I was going to do something more substantial for today’s reader request piece, but I’ve realized my brain is like mush at the moment, so I’m going to do an easy one instead, from Ron Hogan:
“How do you cope with the fame of having taped bacon to a cat?“
I think the whole thing has been pretty damn funny, myself. It’s also a perfect microcosm of How The Web Works, circa now. Andy Warhol famously opined that in the future everyone would be famous for fifteen minutes; he had the right idea but the wrong vehicle. People aren’t famous for fifteen minutes, they’re famous for one Internet meme. Mine happens to be BaconCat.
Now, I can afford to be sanguine about BaconCat fame for a few reasons. One is that, if I may say so, I am somewhat notable otherwise; enough people know me for things other than my ability to adhere breakfast meat to a domestic animal that I’m comfortable with being known for that, too. Another is that that I understand how complete damn ridiculous it is, and in being ridiculous, being also non-repeatable. I’m not in a rush to tape bacon to other animals, or place other foodstuffs on my cat, or otherwise try to bottle this bacon-scented lightning a second time. Finally, in an Internet where a guy is world famous for falling on his face, another is famous for practicing Jedi moves while chubby and yet another is famous for his ability to pull his posterior regions apart far enough to lodge the Great Pumpkin in his rectum, being known as “The BaconCat Dude” is delightfully benign.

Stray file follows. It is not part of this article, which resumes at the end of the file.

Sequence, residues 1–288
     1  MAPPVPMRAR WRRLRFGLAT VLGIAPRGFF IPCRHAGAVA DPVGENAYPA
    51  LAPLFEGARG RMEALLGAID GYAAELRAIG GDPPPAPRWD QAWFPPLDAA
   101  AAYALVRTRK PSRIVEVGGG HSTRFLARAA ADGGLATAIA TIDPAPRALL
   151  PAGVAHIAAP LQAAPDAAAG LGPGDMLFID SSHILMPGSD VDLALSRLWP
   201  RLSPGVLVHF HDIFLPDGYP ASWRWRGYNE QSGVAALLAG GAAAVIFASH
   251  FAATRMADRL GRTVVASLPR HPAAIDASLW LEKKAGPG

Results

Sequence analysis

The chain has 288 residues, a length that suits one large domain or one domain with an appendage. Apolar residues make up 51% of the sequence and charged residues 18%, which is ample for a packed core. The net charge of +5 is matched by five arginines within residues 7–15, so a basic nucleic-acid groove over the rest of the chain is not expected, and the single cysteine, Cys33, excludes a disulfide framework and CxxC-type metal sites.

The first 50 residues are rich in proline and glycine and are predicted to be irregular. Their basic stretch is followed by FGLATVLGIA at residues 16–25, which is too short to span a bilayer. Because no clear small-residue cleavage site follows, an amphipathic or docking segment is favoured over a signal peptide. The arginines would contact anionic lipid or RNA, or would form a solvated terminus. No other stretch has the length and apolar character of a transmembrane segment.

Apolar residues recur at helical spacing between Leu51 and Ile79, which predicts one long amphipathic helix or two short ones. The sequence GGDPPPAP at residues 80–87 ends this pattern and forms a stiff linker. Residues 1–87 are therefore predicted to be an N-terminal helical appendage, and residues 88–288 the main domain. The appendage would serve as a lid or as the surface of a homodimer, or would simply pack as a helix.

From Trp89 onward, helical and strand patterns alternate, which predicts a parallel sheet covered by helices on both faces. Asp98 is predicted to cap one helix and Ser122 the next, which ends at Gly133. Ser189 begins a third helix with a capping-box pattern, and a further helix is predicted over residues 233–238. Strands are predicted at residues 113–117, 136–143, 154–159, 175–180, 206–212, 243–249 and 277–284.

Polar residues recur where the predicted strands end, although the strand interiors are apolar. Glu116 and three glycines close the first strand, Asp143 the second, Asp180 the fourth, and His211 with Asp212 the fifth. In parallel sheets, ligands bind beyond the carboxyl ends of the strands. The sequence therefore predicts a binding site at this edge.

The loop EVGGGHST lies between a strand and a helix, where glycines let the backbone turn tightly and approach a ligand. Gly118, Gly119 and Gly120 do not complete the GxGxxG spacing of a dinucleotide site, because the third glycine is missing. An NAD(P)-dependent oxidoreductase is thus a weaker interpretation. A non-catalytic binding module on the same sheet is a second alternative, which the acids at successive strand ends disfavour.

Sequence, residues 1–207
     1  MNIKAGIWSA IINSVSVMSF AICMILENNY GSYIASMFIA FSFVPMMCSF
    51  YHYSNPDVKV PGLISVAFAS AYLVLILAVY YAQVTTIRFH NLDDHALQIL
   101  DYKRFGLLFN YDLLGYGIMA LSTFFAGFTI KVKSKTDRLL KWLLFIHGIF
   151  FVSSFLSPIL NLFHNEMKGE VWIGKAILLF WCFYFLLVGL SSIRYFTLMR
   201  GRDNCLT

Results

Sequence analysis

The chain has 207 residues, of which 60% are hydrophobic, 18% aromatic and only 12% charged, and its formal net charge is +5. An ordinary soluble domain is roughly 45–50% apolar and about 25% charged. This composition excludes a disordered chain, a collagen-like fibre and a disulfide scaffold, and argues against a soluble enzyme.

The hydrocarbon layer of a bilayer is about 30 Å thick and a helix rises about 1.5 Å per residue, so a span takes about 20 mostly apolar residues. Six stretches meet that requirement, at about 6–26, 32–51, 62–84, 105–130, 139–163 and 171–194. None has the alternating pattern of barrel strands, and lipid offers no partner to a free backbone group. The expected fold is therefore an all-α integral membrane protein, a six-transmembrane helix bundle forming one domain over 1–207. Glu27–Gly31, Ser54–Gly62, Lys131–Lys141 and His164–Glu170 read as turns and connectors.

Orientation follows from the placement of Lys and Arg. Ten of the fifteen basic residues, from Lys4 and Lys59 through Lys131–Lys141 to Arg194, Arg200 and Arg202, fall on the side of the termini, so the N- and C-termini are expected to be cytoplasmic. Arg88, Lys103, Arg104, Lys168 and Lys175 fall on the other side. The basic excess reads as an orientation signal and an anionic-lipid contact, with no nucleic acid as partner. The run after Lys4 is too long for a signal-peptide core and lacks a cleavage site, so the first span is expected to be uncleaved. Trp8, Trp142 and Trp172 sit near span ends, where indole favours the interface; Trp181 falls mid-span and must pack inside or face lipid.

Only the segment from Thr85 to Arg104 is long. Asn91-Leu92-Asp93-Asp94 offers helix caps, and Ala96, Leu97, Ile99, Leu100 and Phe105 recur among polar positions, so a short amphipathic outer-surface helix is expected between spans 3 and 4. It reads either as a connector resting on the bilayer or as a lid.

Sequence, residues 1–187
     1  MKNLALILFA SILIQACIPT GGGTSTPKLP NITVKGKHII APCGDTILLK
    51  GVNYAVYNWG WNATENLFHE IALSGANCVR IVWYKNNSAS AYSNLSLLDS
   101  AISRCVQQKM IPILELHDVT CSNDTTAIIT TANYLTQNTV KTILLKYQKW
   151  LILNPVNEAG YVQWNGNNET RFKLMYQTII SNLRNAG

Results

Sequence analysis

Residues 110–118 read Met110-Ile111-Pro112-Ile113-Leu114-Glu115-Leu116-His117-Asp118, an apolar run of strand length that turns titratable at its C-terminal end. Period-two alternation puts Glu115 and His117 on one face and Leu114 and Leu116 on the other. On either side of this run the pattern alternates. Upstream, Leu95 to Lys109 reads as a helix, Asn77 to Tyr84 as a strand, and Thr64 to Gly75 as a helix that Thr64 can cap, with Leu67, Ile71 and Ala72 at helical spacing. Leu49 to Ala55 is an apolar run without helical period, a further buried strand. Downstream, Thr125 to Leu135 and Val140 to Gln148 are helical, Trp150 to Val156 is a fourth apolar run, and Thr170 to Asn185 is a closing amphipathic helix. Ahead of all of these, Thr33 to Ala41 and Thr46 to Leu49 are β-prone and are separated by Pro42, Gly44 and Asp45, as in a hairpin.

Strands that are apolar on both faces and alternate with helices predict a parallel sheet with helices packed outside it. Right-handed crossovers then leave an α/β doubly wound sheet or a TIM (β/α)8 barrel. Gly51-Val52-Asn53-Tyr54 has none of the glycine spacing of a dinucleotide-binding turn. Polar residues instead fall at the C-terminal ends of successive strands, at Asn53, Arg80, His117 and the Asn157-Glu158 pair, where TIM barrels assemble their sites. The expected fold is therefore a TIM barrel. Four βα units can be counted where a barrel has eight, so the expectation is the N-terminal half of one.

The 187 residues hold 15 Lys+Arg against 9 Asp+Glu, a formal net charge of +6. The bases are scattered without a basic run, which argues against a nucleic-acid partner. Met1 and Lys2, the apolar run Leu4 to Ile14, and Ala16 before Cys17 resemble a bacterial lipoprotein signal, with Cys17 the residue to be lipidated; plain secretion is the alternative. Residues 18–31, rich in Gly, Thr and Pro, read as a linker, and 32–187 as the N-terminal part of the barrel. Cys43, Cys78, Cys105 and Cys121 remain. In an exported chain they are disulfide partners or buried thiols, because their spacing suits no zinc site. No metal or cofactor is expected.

Which is not to say that the joke doesn’t get old. Someone feels obliged to make a bacon and/or cat related joke here on two comment threads out of three. After a while, you know, I feel it’s okay for all y’all to stop. It’s not that funny. Now, I realize that most people are just doing it in good fun, so it’s not worth making a deal out of. But, folks, seriously: making Bacon Cat jokes at this point is like the Whatever equivalent of the dude who shouts out “Freebird!” at every single concert you’ve been to for the last 15 years. I’m just saying.
Having said that, it is a fun story. And when I do a live appearance and people ask to hear the BaconCat story, I pretty much have it all blocked out and choreographed. It’s like a little standup routine. When I’m on tour and you want to hear the story, go ahead and ask. I’ll probably be happy to share.
(Want to participate in Reader Request Week? Add your own question here)